19/05/2024 04:15:00

Sicilian man sentenced in Italy for organised crime, cocaine trafficking, arrested in Malta

 A Sicilian man, wanted by the Italian authorities in connection with an investigation into organised crime and cocaine trafficking has appeared in court following his arrest in Malta.

Gianluca Caruso, 32, had been living in Malta for seven years before his arrest and arraignment in court, Magistrate Joseph Gatt was told on Friday.

The slightly-built defendant was accompanied in court by his partner, with whom, the court was told, he is expecting a child.

Inspector Roderick Spiteri explained that the police had arrested Caruso at his workplace on Thursday afternoon, on the strength of a European Arrest Warrant issued in his name by a court in Catania, Sicily.

Exhibiting copies of the relevant documentation to the court, the inspector said that the Maltese Police Force's forensics department had confirmed that the man's fingerprints matched those of the requested person, which had been sent with the EAW.

In 2020, Caruso had been convicted in absentia of offences relating to trafficking cocaine and marijuana, as well as forming part of a criminal organisation, for which he was sentenced to imprisonment for seven years and two months by the Catania Court of Appeal.

After deducting the time spent in pre-trial custody, Caruso would be required to serve the remaining 6 years and 9 months in prison if returned to Sicily.

According to Italian media reports, Caruso had turned himself in five years ago at the Vincenzo Bellini airport in Catania, during a law enforcement operation dubbed "Tricolore" which had dismantled two drug dealing centres in the San Berillo Nuovo district of Catania and led to some 40 arrests on suspicion of drug trafficking and dealing, charges which were deemed aggravated because they had been aimed at facilitating the Cappello-Bonaccorsi family.

He is understood to have subsequently travelled to Malta while on bail and is now requested by the Italian authorities in order to serve his sentence.

Inspector Spiteri told the court that he had arrested Caruso after the police received an alert through the pan-European Schengen Information System (SIS) alert, a system which informs national police forces across the EU when a wanted person is believed to be in their country.

The SIS alert had been sent after an European Arrest Warrant was issued requesting the man's return to Sicily to serve a prison sentence.

Defence lawyer Charles Mercieca argued that at the time of Caruso's arrest, the police did not have a copy of the sentence upon which the EAW had been based which, he said, rendered the arrest illegal.

The EAW stated that Caruso was wanted to serve a prison sentence, replied the inspector, adding that the police had been in constant communication with their overseas counterparts before arresting the man.

Mercieca argued that Caruso's sentence was not final, as the police did not have copies of a judgement conclusively confirming it, that would have been issued by the Italian court of third instance - the Court of Cassation.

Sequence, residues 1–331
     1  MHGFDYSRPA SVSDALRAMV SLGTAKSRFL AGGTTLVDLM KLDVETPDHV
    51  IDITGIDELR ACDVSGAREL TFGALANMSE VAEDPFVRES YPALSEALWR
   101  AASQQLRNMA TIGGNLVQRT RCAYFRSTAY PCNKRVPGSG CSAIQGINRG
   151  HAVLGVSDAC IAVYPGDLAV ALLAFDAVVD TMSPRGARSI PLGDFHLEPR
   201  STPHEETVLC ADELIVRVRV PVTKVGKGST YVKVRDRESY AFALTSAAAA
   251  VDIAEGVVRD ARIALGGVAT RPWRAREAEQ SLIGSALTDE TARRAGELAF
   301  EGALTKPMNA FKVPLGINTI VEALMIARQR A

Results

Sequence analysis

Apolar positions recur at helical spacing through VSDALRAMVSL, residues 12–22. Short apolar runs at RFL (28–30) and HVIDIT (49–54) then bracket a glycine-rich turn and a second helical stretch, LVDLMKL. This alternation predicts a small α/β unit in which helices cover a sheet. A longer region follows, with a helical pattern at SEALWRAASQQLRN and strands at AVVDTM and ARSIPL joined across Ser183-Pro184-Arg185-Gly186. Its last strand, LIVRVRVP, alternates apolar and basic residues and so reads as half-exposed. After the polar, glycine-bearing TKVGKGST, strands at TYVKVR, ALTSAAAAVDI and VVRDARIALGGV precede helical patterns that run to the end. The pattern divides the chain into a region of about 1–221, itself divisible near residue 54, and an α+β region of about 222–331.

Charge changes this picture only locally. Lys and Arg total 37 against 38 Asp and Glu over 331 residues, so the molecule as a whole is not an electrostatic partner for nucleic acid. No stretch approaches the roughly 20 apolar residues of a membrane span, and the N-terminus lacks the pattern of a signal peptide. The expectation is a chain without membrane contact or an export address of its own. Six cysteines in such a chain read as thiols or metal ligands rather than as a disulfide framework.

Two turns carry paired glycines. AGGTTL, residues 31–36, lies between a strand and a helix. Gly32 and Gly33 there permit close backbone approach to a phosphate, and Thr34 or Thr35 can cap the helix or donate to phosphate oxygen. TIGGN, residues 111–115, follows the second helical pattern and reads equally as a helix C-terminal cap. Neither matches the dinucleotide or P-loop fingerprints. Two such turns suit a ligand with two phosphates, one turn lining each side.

Lawyer Jacob Magri added that without seeing the Cassation judgement, the defence could now know what Caruso was being requested for.

Mercieca cited European case law, which established that a national arrest warrant or evidence of the sentence had to be exhibited in EAW cases.

The applicable Framework Decision laid down criteria for enforceability of EAWs: evidence of a judgement or enforceable judicial decision, said the lawyer. "Decisions about the execution of the European arrest warrant must be subject to sufficient controls, which means that a judicial authority of the Member State where the requested person has been arrested will have to take the decision on his or her surrender."

Mercieca argued that from the inspector's testimony, it emerged that the EAW and the arrest of Caruso were carried out on the basis of a judgement from the Italian courts and a certificate issued by the Attorney General.

"Nowhere does any enforceable sentence emerge from the documentation exhibited by the police and therefore one of the elements upon which the arrest was based is absent," argued the lawyer.

Evidence of an enforceable judgement, an arrest warrant in the requesting country or any other enforceable judicial decision having the same effect is a requisite for an arrest, said the lawyers. In order to be executable an EAW requires an enforceable judgement imposing the punishment of imprisonment.

Inspector Spiteri argued that the arrest had been made on the strength of a Schengen Information System alert, together with the EAW and a certificate issued by the Attorney General. The judgement that Caruso was being requested to return and serve could be requested by the magistrate as supplementary information, he said.

After retiring to chambers to deliberate, the magistrate abstained from deciding about the validity of the arrest, as this would entail an examination of the merits of the case, which was not the function of his court yesterday, adding that the defence could still raise its arguments before the court that would be deciding the case on the merits, by asking it to request any supplementary information necessary.

The court then proceeded to ask Caruso whether he confirmed the details stated in the EAW were correct, which the man in the dock confirmed. He did not consent to his return to Sicily.

The court expressed its concern at the absence of a representative from the AG in these proceedings, while stressing that this in no way was to be interpreted as a criticism of inspector Spiteri.

Caruso was remanded in custody until the case continued before another magistrate in the coming days.

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